Hey, Britain: Skip the Degree, Learn a Trade
All three of Britain's major political parties have pledged in recent weeks to boost the availability of apprenticeships -- paid employment incorporating both on- and off-the-job training that leads to a nationally recognized certification.
It's a welcome counterbalance to the drive in recent years to push as many young adults as possible onto the university conveyor belt, leaving a pile of unemployed and arguably unskilled graduates littering the country.
Just 112,000 people under age 19 started apprenticeships in the U.K. in 2013, down from 117,000 in 2010, according to data compiled by the Office for National Statistics. By contrast, British universities took in almost 388,000 students under age 20 last year, up from 373,000 three years earlier, according to the Universities and Colleges Admissions Service.
Chuka Umunna, the Labour Party's business secretary, told his party conference in Manchester a couple of weeks ago that Labour plans to have as many young adults go into apprenticeships as enter universities. "We have to do away with the snobbery that says an apprenticeship is not as important as university," he said. Michelle Donelan, who will stand as the Conservative Party candidate in Chippenham, Wiltshire, in the May 2015 election, told her party conference in Birmingham last week that too many youngsters are "pushed on the tidal wave to university because other options were lacking."
About 12 million Britons are classified by the statistics office as having higher-level academic qualifications. That's 38 percent of the U.K. population, up from just 17 percent in 1992. This is the result of government policies to boost the university population, even as a reclassification program turned hundreds of colleges and polytechnics into universities, reinforcing the cachet of a university degree while undermining its value. (About a third of Americans have at least a bachelor's degree, according to U.S. Census data.)
Gordon Birtwistle, who was 67 when he surprised himself by getting elected as a Liberal Democrat member of Parliament in 2010, started his working life as an engineering apprentice. He says "the word apprentice wasn't in the dictionary of parliament" four years ago. He is championing the cause at Westminster. Speaking at the Lib Dem conference in Glasgow this week, he says schools are doing their pupils a disservice by focusing almost exclusively on universities:
Schools do not try to convince children to be apprentices. Careers advice in schools is virtually non-existent and is delivered by a teacher who has only ever been a teacher and who wants to get as many children into university as possible.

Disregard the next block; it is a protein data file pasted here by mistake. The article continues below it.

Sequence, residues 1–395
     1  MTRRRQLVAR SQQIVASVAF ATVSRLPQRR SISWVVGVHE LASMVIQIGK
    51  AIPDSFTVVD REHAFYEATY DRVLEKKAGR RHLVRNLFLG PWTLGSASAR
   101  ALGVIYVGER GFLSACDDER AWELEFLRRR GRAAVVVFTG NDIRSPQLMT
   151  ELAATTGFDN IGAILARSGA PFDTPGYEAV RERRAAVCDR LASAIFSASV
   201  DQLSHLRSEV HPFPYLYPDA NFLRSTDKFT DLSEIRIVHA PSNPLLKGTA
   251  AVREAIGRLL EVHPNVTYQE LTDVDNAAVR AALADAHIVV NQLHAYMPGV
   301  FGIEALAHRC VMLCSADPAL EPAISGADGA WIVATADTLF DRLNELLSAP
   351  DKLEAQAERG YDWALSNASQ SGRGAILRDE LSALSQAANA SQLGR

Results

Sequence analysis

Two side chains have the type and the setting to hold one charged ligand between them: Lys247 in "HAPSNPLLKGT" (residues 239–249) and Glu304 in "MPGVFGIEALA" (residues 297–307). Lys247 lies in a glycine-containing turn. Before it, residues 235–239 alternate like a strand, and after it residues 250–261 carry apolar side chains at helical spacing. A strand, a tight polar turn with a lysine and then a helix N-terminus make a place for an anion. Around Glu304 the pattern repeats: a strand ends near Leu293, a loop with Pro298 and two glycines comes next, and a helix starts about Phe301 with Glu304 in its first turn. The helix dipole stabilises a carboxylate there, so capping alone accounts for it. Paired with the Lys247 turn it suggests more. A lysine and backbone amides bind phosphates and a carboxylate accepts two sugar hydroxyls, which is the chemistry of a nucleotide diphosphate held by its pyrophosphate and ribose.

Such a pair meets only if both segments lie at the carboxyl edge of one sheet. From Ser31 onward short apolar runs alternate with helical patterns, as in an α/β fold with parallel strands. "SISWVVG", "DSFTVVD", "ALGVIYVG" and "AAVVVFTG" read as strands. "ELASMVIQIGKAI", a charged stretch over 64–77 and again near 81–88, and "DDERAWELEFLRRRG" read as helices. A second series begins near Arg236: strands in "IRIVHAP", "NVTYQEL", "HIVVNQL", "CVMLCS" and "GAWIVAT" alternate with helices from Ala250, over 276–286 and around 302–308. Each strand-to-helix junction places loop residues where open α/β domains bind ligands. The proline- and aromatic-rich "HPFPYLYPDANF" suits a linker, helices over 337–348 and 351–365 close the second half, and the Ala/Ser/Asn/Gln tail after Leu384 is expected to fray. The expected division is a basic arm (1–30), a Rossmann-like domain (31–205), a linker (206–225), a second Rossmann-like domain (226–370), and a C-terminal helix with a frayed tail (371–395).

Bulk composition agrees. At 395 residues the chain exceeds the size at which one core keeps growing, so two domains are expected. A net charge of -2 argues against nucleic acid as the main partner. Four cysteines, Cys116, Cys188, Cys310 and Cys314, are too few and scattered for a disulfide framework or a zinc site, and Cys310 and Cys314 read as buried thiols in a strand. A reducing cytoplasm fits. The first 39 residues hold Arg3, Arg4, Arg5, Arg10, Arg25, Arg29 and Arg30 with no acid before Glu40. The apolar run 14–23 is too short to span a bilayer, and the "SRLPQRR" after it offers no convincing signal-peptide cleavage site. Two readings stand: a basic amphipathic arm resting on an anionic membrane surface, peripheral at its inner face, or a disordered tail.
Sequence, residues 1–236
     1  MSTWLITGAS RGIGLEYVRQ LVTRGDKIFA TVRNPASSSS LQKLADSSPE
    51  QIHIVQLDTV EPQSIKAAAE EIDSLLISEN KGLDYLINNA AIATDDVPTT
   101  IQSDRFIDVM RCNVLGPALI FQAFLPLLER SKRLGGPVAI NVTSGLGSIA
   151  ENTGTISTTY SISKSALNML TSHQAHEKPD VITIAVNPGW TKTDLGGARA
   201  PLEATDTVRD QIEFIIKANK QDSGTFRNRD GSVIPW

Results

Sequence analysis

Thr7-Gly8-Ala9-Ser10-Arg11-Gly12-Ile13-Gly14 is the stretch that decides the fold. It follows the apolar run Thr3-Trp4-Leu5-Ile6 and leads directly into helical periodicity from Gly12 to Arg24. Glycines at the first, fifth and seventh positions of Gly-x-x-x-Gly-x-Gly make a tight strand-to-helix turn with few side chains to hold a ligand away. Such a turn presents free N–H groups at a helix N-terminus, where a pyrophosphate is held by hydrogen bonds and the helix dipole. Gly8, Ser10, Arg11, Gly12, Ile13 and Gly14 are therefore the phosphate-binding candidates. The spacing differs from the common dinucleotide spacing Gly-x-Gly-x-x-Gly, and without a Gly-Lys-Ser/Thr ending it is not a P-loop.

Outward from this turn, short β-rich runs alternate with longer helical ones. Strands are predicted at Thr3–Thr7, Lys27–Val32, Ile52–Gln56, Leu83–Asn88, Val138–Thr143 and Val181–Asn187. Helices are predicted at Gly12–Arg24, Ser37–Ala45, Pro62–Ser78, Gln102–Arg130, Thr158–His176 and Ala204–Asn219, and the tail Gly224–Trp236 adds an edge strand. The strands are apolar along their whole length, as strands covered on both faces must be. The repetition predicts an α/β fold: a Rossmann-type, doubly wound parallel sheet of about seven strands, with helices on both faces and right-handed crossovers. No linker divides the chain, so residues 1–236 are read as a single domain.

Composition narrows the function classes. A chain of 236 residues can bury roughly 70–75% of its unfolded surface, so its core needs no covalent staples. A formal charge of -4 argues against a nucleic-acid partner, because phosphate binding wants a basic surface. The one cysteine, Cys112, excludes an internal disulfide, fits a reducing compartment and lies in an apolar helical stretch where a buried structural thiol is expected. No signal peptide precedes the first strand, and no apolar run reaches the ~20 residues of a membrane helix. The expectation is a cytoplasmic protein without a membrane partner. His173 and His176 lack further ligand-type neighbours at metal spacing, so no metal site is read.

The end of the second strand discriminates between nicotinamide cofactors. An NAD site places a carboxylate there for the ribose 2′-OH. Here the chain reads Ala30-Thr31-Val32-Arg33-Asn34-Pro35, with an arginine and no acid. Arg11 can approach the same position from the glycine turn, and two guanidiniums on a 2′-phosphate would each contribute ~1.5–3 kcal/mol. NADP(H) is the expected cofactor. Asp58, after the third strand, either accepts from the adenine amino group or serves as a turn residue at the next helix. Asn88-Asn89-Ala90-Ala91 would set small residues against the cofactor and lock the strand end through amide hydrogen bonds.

John Allan, chairman of the National Federation of Small Businesses, agrees; he cites a survey showing that 86 percent of teachers would actively oppose a smart kid pursuing an apprenticeship rather than a college degree.
The U.K. apprentice system has been plagued by cheating, notably supermarket chains pocketing the 1,500 pounds the government pays as a subsidy to companies taking on youngsters, but then using them as fodder at the cash registers rather than teaching them a trade. But there's only so much the government can do; companies must take the lead in training the workforce of the future. Birtwistle argues that big engineering companies, for example, should train more workers than they need. These workers will then find their way to smaller companies in their supply chains, thus ensuring quality throughout their industry.
Some are embracing change. PwC, a global company that offers professional services ranging from accounting to cyber-security systems, has shifted its hiring practices after deciding that its graduate intake was creating a workforce that lacked diversity. Its website offers 10 entry-level positions in its tax advisory department, for example, in 10 different U.K. locations. Rolls Royce, the U.K. aerospace company, is offering 13 apprenticeships at three of its factories.
The university isn't the best post-school destination for everyone. Many kids would be better off learning a trade in the workplace than inhabiting a classroom or a lecture hall for three or four years. Moreover, a university degree is no guarantee of employment: According to the statistics office, 9 percent of the recently graduated were unemployed in 2013, up from 5 percent in 2008.
With British universities charging annual tuition of 9,000 pounds ($14,500), up from 1,000 pounds in 1998 and nothing before that, the days when a university degree offered a cheap or free path to a career are long gone. The U.K. needs to promote apprenticeships so that, as Birtwistle says, the young adults of today can learn the skills of tomorrow from those who have the skills of the past.
This column does not necessarily reflect the opinion of Bloomberg View's editorial board or Bloomberg LP, its owners and investors.
To contact the author on this story:
Mark Gilbert at email@example.com
To contact the editor on this story:
James Greiff at firstname.lastname@example.org